This week’s individual work explores dreams, and the stages and disorders associated with sleep. You are to describe in detail each sleep stage, three sleep disorders, and why sleep is necessary.
This lesson provides an explanation of the measurement of brain activity, as well as the presence of different sleep patterns and their respective functions.
Stages of Sleep
Fill in the blanks: Write a brief description of the Characteristic for each sleep stage listed on the table below:
In this stage, a person is in very light sleep, and if woken up may report that they were not asleep. The brain produces “theta waves” in this stage. It lasts for 5-10 minutes (Cherry, 2012).
Lasting for 20 minutes, this stage is characterized by decreasing body temperature and bursts of rapid, rhythmic brain activity. (Cherry, 2012)
This is a stage in which the sleep is deeper, as the person moves from light to deep sleep. (Cherry, 2012)
This stage lasts for about 30 minutes and is characterized by the production of “delta waves” (Cherry, 2012)
A person starts dreaming in this phase. rapid eye movements, an increase in respiration rate, muscle relaxation and an increase in brain activity occurs in this stage. (Cherry, 2012)
Sleep Images: http://search.aol.com/aol/image?q=sleep++wave+images&v_t=tb50-ff-aolmail-tbsbox-en-us
Part two Your task for this assignment is to write at least one paragraph (3-5 sentences minimum) responding to the following questions:
1. Briefly describe the major sleep disorders:
A healthy sleeping pattern is an evidence of a healthy body and sleep problems may indicate the occurrence of a problem. Several different sleep disorders exist, indicating different problems. Sleep apnea is a disorder caused due to the blockage of airways causing temporary interruption in breathing. Symptoms include tiredness after waking up, loud snoring, snorting etc. (Smith, Robinson, & Segal, 2012). Another sleep disorder that can occur is Restless Legs Syndrome which is characterized by an uncontrollable urge to move ones extremities. This occurs because of a tingling, aching or an uncomfortable feeling. (Smith, Robinson, & Segal, 2012) Narcolepsy occurs as excessive sleepiness during the daytime. It occurs because of a neural dysfunction which controls sleeping and talking and is symptomized by sudden feeling of weakness and loss of muscular control, intense dreams or dreams right after going to sleep and a feeling of being paralyzed immediately after waking up or going to sleep (Smith, Robinson, & Segal, 2012).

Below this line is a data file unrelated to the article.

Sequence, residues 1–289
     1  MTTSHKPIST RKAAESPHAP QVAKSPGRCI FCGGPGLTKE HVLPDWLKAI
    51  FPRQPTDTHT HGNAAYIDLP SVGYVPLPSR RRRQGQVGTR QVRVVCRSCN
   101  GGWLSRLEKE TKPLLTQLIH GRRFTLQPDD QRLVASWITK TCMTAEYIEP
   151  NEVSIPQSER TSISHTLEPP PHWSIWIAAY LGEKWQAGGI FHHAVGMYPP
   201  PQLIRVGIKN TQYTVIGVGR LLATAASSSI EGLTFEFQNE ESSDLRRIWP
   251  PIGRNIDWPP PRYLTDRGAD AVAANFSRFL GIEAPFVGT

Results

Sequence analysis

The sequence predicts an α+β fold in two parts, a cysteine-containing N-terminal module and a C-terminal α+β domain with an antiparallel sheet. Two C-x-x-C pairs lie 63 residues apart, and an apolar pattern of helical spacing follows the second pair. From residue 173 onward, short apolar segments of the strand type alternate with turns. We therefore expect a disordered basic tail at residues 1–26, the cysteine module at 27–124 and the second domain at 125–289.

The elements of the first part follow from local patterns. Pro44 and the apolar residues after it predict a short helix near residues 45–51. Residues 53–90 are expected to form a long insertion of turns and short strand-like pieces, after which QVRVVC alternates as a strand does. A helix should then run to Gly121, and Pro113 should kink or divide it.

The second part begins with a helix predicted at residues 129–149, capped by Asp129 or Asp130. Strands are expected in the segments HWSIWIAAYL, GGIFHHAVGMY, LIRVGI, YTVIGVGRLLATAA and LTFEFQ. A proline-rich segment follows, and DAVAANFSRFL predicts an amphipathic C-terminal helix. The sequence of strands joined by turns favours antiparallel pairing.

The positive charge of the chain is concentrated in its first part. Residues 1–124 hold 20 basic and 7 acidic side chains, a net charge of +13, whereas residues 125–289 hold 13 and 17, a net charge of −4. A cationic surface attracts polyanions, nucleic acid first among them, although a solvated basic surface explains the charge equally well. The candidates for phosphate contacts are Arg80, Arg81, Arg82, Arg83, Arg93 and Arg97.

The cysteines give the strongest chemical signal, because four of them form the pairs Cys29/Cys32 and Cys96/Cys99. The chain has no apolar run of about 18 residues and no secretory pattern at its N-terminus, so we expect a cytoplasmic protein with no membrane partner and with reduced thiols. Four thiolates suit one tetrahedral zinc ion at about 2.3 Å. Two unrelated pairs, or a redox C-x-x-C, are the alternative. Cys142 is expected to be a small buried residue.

2. Why do we sleep, and how much sleep is necessary?
Figuratively said, there is a need to sleep so that the body can rest after the day’s activity, however sleep is important to allow for the development of the body and in order to maintain healthy levels of cognitive activity important for the development of the brain (The Science of Sleep, 2012). Given the importance of sleeping, it is important to sleep at least for the minimum duration required as of the different phases in life dictated by the level of mental and physical activity and environmental factors. The average minimum is 8 hours for and may change over the course of one’s life with the younger people requiring more and the older ones requiring lesser. (Peters, 2011)
The Science of Sleep. (2012). Retrieved May 14, 2012, from BBC Home: http://www.bbc.co.uk/science/humanbody/sleep/articles/whatissleep.shtml
Cherry, K. (2012). Stages of Sleep. Retrieved May 13, 2012, from About.com: http://psychology.about.com/od/statesofconsciousness/a/SleepStages.htm
Peters, B. (2011). How Much Sleep Do I Need? Retrieved May 14, 2012, from About.com: http://sleepdisorders.about.com/od/howmuchsleepdoineed/a/how_much_sleep.htm
Smith, M., Robinson, L., & Segal, R. (2012, April). Sleep Disorders and Sleeping Problems. Retrieved May 14, 2012, from Helpguide.org: http://www.helpguide.org/life/sleep_disorders.